- It is prohibited at all times to fly a drone in and around airports and helicopter landing sites.
- Contrary to what I read on other websites, it is allowed to fly at night provided the drone has green flashing lights.
- You are not allowed to fly near military installations and public utilities, unless you have received explicit permission from the relevant authority.
View a nice flowchart here with the requirements for flying a drone in Portugal.
How to request permission to take photos and videos in Portugal?
According to the FAQ on ANAC.pt, prior approval is required for taking photos and videos with a drone. This can be done via a so-called e-AAN request via https://imagensaereas.aan.pt. Click on ‘don’t have an account? Sign up’ to create an account.
The ‘problem’ when registering on this platform is that it seems mandatory to enter a NIF number. This is a Portuguese tax number that every resident has, which you probably don’t have as a visitor to the country. I myself live in Portugal and I have a NIF, so I didn’t get stuck here. I recommend completing the form as accurately as possible and using your passport number for BI/CC/NIPC and NIF.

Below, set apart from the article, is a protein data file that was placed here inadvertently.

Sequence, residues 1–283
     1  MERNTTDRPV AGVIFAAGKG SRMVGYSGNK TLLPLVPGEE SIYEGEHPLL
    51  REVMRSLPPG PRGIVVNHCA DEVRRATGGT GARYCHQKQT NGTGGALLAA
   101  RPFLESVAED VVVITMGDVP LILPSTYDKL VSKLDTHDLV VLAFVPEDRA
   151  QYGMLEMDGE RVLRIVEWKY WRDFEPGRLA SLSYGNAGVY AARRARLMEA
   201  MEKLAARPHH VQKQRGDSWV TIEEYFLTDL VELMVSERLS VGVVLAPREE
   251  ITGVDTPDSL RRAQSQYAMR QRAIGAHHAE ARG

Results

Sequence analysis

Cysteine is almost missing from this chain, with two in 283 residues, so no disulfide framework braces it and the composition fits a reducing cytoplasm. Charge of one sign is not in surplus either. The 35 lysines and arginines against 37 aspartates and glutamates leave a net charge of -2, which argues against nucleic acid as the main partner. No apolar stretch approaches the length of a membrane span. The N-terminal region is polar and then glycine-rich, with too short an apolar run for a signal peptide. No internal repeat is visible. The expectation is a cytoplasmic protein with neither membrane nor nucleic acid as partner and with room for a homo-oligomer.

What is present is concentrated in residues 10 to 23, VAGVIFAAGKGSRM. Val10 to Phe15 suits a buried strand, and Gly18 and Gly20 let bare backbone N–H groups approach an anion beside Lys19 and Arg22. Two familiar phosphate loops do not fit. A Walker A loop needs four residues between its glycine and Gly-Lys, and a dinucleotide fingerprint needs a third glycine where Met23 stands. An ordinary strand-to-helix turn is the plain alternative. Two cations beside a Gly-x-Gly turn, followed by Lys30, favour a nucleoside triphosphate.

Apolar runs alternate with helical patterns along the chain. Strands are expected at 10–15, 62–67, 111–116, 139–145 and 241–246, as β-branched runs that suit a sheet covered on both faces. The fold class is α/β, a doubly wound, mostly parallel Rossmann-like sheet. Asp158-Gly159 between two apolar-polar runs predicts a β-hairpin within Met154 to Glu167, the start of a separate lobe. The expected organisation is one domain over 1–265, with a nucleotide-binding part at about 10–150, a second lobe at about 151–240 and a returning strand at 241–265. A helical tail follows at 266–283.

You will then receive additional instructions in your inbox to activate your account.
Once logged in, you can check your address details via the left menu, add your drone(s) via ‘RPAs’ and register yourself as a pilot via ‘Pilots’.
Your profile will be assessed within a few days and if it is approved, you can request permission via the ‘Areas’ menu to capture images via your drone in a certain area.
Request: Did you manage to create an account without NIF? Let me know in the comments so I can update the article. Thank you!
Where are you allowed and not allowed to fly a drone in Portugal?
Assuming you are registered and have reached the step of obtaining approval to create footage, there are a number of areas in Portugal where extra rules apply or flying is not allowed. In addition to the aforementioned airports and military areas, there are also a number of nature reserves where flying a drone is prohibited without explicit approval. This is to protect the birds and other fauna in that area against nuisance.